SUBANG JAYA: School bullies sometimes call clever kids swots or nerds, while the school athletes are looked up to as heroes.
However, FMT has just met a group of primary school mathletes who everyone looks up to. And not only because these whizzes are the ones who help classmates with their homework.
They’ve just brought home medals for their quick calculations, and are rising stars of the competitive math world.
These super calculating kids put in long hours of mental practice which has led to multiple medals in national and international competitions.
When Brandon Choo was just two his mother played him a YouTube video on multiplication. He thinks it was this that sparked his interest in mathematics.
Choo, from SJK (C) Jalan Davidson in Kuala Lumpur is good at math. Really good.
He and his five friends bagged gold medals for Malaysia in the World International Mathematical Olympiad (WIMO) in Japan last week.
His team mates were Alvis Leow, Chai Feng Ze, Hoo Jordan, Hoo Xinyi from SJK (C) Jalan Davidson and Tang Yi Xuan from SJK (C) Serdang Baru 2.
The six, plus three others – Yeoh Yi Shuen (SJK (C) Kwang Hwa), Teoh Zhou Zhe (SJK (C) Min Terk) and Cheah Jor Wii (SJK (C) Perempuan China) – did the nation proud in Tokyo.
Yeoh and Teoh were crowned World Champions in their age categories, while Cheah won a silver medal, adding to their impressive, growing haul.
Between them they have won hundreds of medals and trophies from various local and international mathematics competitions.
Such glories require a lot of hard work, so these primary school children spend a lot of their time grappling with higher level math questions.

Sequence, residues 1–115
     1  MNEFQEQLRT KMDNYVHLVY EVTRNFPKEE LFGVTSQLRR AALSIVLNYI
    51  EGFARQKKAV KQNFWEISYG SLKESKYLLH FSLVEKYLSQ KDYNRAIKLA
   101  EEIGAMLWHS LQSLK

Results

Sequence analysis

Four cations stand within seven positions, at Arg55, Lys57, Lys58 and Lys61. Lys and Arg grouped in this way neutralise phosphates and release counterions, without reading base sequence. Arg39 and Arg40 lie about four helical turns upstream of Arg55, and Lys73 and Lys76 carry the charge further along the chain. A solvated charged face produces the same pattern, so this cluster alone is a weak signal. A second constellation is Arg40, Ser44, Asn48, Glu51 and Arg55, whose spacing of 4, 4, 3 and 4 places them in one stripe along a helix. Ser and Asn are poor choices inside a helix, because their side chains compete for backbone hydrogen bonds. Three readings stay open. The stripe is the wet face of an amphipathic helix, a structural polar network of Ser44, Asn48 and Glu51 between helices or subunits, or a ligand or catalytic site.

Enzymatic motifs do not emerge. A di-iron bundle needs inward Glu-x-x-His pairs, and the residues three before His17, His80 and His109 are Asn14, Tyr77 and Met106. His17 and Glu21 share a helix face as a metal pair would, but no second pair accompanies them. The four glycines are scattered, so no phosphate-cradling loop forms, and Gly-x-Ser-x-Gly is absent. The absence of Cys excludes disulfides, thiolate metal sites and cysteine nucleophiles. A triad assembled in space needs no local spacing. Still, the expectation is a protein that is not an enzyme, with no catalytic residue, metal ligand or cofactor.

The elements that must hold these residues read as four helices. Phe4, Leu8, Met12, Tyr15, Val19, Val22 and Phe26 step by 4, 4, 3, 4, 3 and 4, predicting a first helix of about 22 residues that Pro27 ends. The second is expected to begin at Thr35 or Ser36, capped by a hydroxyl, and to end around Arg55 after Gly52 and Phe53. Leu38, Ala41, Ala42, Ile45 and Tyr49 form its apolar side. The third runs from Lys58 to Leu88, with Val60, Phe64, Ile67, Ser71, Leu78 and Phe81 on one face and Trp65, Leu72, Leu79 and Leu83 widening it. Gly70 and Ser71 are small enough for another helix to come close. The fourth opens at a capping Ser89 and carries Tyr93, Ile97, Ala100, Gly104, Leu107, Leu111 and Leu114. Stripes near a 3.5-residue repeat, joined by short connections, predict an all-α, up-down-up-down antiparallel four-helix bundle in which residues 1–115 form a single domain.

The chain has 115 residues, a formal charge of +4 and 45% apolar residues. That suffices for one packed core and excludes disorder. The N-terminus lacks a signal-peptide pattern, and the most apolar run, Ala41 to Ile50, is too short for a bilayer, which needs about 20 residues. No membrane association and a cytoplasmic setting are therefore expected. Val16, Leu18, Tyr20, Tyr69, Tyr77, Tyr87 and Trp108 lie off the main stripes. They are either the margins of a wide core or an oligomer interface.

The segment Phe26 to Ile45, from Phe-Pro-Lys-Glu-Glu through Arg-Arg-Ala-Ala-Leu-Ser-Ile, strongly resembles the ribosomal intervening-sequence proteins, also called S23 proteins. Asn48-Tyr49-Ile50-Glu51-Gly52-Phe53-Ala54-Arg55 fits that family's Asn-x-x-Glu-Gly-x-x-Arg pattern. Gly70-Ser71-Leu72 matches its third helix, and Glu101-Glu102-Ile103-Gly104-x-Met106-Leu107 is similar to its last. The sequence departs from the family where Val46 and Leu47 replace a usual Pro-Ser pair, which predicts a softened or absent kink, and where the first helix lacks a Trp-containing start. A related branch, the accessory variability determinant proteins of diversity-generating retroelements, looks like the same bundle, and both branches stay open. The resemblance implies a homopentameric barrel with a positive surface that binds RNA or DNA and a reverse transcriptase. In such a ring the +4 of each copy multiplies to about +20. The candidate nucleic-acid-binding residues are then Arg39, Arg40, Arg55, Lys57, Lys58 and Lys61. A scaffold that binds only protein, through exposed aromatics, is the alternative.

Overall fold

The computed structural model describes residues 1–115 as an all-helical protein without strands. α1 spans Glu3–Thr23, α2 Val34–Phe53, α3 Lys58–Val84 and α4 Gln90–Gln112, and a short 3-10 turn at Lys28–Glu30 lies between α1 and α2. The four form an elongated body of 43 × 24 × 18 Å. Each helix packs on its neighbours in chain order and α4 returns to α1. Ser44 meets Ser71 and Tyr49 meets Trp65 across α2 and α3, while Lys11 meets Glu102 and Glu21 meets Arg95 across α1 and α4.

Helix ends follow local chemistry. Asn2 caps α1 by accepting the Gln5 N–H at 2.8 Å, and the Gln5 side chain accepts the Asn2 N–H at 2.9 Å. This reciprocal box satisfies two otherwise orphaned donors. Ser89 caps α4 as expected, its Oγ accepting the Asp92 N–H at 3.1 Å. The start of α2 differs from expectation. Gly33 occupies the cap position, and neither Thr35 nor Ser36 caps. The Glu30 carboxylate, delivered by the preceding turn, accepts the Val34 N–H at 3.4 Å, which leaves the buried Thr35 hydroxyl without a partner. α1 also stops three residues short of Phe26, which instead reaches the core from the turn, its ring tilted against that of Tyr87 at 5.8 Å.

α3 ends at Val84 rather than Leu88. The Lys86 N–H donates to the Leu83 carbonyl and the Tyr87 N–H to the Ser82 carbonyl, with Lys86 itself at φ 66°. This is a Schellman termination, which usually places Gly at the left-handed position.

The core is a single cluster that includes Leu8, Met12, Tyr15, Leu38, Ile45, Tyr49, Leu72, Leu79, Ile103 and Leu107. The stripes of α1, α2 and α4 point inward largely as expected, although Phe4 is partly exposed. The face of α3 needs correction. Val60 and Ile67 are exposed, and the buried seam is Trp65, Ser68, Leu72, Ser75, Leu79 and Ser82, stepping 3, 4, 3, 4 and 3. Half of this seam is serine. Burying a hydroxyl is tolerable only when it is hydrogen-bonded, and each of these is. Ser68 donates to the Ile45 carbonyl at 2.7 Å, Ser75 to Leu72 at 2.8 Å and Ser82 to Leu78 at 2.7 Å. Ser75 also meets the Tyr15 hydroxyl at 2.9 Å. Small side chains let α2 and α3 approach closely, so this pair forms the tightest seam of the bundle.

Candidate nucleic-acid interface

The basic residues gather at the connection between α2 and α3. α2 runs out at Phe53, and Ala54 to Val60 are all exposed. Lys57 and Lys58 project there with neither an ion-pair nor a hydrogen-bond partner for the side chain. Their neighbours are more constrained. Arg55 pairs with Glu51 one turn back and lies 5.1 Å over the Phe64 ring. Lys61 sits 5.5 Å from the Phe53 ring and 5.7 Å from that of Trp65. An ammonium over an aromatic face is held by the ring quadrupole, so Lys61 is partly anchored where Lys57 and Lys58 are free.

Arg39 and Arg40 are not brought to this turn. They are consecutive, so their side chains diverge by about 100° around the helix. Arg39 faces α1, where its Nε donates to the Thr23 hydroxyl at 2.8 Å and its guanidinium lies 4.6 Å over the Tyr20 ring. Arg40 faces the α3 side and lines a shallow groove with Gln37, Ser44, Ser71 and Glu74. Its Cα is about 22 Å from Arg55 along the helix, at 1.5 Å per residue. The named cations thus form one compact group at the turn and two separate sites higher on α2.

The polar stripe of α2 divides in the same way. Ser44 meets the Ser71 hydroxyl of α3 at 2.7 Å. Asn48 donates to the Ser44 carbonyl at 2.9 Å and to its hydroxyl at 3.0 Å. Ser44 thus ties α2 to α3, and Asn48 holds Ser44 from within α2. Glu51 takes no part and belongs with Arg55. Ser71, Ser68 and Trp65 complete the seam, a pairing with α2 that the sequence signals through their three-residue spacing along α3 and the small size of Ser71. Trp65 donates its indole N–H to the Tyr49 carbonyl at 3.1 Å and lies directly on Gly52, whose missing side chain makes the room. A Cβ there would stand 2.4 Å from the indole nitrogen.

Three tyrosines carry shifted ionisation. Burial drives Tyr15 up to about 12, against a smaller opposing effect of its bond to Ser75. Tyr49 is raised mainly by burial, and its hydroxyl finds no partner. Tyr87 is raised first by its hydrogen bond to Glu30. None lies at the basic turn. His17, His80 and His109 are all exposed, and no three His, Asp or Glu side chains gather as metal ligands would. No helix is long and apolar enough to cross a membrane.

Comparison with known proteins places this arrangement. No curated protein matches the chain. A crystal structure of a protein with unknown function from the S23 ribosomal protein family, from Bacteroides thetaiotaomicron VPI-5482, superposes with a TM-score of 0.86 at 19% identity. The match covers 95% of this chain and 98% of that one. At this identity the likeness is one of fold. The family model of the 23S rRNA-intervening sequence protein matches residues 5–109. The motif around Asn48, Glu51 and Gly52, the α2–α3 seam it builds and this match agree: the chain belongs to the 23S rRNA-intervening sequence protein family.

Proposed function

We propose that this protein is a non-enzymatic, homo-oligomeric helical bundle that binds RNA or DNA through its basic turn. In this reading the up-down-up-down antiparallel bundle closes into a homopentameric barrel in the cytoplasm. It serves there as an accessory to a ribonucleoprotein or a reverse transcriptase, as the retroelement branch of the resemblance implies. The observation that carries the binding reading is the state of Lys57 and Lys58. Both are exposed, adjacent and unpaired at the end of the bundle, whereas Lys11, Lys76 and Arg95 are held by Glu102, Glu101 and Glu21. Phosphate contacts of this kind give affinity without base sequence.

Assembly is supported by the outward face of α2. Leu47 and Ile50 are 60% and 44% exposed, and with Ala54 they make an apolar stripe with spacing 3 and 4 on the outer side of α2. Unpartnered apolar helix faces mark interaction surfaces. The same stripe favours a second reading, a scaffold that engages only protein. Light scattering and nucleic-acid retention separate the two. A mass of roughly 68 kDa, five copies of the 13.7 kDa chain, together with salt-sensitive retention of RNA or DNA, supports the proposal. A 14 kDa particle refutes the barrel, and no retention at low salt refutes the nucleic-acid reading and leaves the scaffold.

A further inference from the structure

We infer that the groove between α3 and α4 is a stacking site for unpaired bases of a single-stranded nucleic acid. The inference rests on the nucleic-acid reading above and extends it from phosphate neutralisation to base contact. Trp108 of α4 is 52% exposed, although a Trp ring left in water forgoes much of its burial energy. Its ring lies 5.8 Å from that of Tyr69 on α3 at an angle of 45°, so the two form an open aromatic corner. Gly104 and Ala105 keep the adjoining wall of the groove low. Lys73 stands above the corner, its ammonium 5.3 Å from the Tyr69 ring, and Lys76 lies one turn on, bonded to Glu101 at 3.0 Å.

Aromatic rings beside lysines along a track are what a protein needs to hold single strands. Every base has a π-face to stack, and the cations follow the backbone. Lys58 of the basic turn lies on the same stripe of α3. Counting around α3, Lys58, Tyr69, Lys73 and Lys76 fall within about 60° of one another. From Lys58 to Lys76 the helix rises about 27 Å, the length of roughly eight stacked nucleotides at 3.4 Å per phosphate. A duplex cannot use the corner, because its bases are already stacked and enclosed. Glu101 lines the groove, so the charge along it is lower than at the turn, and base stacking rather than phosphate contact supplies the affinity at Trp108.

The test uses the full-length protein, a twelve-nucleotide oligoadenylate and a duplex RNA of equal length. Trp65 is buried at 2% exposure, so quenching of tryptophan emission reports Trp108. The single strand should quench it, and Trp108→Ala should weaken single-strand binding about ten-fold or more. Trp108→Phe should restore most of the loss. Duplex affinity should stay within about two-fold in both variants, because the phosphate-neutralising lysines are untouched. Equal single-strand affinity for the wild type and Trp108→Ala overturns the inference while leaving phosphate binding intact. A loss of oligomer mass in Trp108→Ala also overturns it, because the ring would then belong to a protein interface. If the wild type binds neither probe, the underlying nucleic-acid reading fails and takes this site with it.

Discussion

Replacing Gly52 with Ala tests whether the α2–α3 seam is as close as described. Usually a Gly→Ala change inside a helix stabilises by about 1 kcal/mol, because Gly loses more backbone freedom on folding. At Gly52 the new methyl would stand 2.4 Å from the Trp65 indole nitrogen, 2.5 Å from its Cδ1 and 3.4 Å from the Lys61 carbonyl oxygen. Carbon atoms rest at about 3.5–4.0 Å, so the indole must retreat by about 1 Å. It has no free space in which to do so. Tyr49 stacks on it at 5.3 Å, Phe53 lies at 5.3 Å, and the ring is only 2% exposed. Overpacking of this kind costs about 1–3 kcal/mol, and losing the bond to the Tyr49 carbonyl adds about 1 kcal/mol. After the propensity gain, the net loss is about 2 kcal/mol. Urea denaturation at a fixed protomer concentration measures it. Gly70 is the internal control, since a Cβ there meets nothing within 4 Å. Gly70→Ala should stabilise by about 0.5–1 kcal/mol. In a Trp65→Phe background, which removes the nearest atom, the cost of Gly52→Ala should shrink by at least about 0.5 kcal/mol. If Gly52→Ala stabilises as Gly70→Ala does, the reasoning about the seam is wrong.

Luckily, for them, math adds up to having fun. But perhaps surprisingly none of them wants to be a math teacher.
These mathletes often easily get full marks in their school exams and find the math they learn at school boring and not challenging enough.
Feng Ze, Choo, Leow, and Xinyi are in Year 5 this year, but they are already tackling math problems designed for students in Form 3 to Form 5.
“I like solving problems, I take it as a challenge,” says Chai.
“I do math when I feel like it but I also enjoy playing outside, singing and public speaking,” says Xinyi.
The children, who train under Academy TeamMathics are all friends and spend a lot of time travelling together to over 20 competitions a year both in this country and abroad.
They already know what their main goal is when it comes to math: to be world champions in the annual International Math Olympiad.
It’s the biggest math tournament for students, and only the top six secondary school students in each country make the cut to represent their nation.
Basically, in Olympiad math competitions, students are given problems to solve. The easier ones usually take around 20 seconds to work out and the hardest ones at least 15 minutes.
These primary school kids are champions, but at times they are given problems which even they cannot solve.
“When I can’t solve a problem, I just keep trying,” says Leow.
Xinyi says she feels sad when after doing all the calculations she finds that her answer is wrong.
“Then I check to see if I’ve made a mistake, and if I can’t find it, I start all over again.”
Choo says, “I practise as much as I can, but sometimes I do get bored and want to play sports.”
But mostly these children live and breathe math, even at the end of a tiring day at school.
“Sometimes before I sleep, I think about a math problem and I try to solve it,” says the bespectacled Tang.
His fellow whizzes nod, seemingly in agreement but perhaps actually mentally calculating the surface area of his lenses.